The Penguin paperback is a good value for the money, and certainly it has the advantage of greater portability. It also has a 40-page introduction and many footnotes, although these are less numerous, detailed, and explanatory than those in the Landmark edition. Also, the translator of the Penguin edition, Rex Warner, was not only a Classics scholar but also a novelist. My sense is that his translation places a greater emphasis on pacing and readability, whereas the Landmark translation (by John Marincola) seems to stick closer to the sense and feel of the original Greek, and is also very concerned with clearly spelling things out. I've provided an example of a single passage from each translation below (about the aftermath of the Athenian naval disaster at Aegospotami in 405 B.C.) so you can compare.
Penguin/Warner: "It was at night that the [trireme] "Paralus" arrived at Athens. As the news of the disaster was told, one man passed it on to another, and a sound of wailing arose and extended first from Piraeus, then along the Long Walls until it reached the city. That night no one slept. They mourned for the lost, but more still for their own fate. They thought that they themselves would now be dealt with as they had dealt with others - with the Melians, colonists of Sparta, after they had besieged and conquered Melos, with the people of Histaea, of Scione, or Torone, of Aegina, and many other states. "
Landmark/Marincola: "The "Paralos" arrived at Athens during the night, bringing news of the disaster at Aigospotamoi, and a cry arose in the Peiraieus and ran up through the Long Walls and into the city itself as one man imparted the news to the next. As a result, no one slept that night as they mourned not only for the men destroyed but even more for themselves, thinking that they would suffer the same catastrophes they had inflicted on others - the Melians (colonists of the Spartans whom the Athenians had defeated by siege), Histiaians, Skionians, Toronaians, Aeginetans, and many other Greeks."
For anyone who is fascinated by early Greek history, Hellenika is highly recommended.
Reviewed by Dustin A. Gish, College of the Holy Cross
The Landmark Xenophon's Hellenika, edited by Robert Strassler, is the third volume in this well-known and well-received series, which aims to provide authoritative editions of classic works in ancient history with revised or new translations. With scores of its trademark maps and scholarly appendices lavishly supporting a fine new translation, this edition of Xenophon's Hellenika should help to promote the study of a work that deserves to be read alongside his other three monumental works - Cyropaedia, Anabasis, Memorabilia.
Xenophon's Hellenika traces a selective course through Greek history: from 411, when the Athenians suffered a series of naval losses, precipitating a steady decline into surrender to the Spartans and the loss of empire (I-II); through the rise of Spartan imperialism and shifting Greek alliances with the Persians (III-V); to the sudden collapse of Spartan supremacy against a surging Thebes - despite the efforts of the resilient Athenians, under the restored democracy, who helped to resist the Theban invasions into the Spartan homeland which culminated in the remarkably equivocal battle of Mantineia and its aftermath, in 362 (VI-VII).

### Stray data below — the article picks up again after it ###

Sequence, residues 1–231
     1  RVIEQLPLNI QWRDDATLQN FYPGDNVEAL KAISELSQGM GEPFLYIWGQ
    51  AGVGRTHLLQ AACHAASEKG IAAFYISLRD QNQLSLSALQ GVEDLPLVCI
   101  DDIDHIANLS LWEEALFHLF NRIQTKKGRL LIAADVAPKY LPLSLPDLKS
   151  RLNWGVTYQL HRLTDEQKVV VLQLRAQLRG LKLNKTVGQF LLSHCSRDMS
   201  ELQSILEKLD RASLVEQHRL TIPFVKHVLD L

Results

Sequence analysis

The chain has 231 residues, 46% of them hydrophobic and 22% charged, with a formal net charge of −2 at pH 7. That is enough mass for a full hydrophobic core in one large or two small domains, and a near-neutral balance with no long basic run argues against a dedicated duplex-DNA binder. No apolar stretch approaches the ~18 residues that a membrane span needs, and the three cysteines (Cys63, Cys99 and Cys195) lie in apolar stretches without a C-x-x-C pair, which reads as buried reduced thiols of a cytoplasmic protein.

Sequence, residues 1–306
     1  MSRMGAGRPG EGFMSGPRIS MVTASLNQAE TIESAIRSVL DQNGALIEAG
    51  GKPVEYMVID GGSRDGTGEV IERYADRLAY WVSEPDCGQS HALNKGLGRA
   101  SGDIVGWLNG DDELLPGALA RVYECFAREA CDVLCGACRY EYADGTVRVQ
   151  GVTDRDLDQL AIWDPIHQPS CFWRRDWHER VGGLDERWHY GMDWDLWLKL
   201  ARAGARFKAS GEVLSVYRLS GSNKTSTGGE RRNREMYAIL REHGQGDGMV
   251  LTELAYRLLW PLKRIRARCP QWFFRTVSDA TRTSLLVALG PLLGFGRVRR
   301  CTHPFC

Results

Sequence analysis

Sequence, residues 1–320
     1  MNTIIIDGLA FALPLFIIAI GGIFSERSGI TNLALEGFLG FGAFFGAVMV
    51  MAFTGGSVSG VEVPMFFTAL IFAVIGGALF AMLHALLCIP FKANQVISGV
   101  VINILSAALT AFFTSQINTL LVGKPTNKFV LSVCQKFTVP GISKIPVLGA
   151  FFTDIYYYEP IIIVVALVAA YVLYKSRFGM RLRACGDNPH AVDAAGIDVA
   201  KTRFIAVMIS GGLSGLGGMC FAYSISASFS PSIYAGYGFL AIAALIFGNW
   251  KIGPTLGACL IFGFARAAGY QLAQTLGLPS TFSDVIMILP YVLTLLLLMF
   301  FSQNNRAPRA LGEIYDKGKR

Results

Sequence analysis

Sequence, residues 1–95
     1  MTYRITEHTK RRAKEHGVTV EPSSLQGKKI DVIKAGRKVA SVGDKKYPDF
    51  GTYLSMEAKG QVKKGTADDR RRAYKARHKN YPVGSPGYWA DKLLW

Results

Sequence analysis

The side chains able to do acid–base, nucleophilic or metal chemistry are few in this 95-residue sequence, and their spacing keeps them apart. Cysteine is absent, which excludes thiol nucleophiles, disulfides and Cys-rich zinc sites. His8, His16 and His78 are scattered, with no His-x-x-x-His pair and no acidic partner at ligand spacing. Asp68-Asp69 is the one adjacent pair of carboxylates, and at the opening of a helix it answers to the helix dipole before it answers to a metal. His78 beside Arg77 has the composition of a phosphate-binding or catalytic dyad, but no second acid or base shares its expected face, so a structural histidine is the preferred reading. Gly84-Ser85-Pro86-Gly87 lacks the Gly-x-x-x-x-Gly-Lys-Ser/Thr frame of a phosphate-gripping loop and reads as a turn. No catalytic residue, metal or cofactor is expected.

In his "Editor's Preface," Strassler points out that without Xenophon's Hellenika, "we would know nothing or very little of many events and developments of that dynamic period" - namely, the turbulent and politically diverse fourth century (lxvii). The slightly awkward title of this edition, however, should remind readers that the works in Xenophon's corpus are extraordinarily diverse. Xenophon was much more than a "historian" and his Hellenika, when viewed from the broader perspective provided by his other writings, is not merely a work of "history" - at least not in the sense that modern scholars tend to think of it.
The translation by John Marincola admirably renders the lively yet subtle Greek of Xenophon in clear, accessible, at times even striking English prose, and excels earlier ones by Carleton Brownson (Loeb, 1918) and Rex Warner (Penguin, 1966) by avoiding stilted language and adhering more reliably to the structure of Xenophon's sentences. Attention to subtle nuances of political thought and rhetorical style could have been more systematic, but for readers without Greek this translation is superior to the others. When Marincola's translation does occasionally veer away from the original sentence structure, there is often little gained in terms of readability and no marked improvement over existing translations, and his preference for colloquial words and phrases tends to dull rather than burnish the translation, leaving it with less luster than that of older translators. Readability and eloquence, where appropriate, need not be mutually exclusive aims. Literalness, on the other hand, should be preserved where possible, if we are to follow Xenophon's meaning. To infer too much, as Marincola occasionally does, runs the risk of distracting and misleading readers with overtones and connotations absent from the original text. Xenophon is characteristically allusive in his works. We are thus invited by his subtle manner of writing to think through for ourselves why Xenophon wrote his history in the way that he did.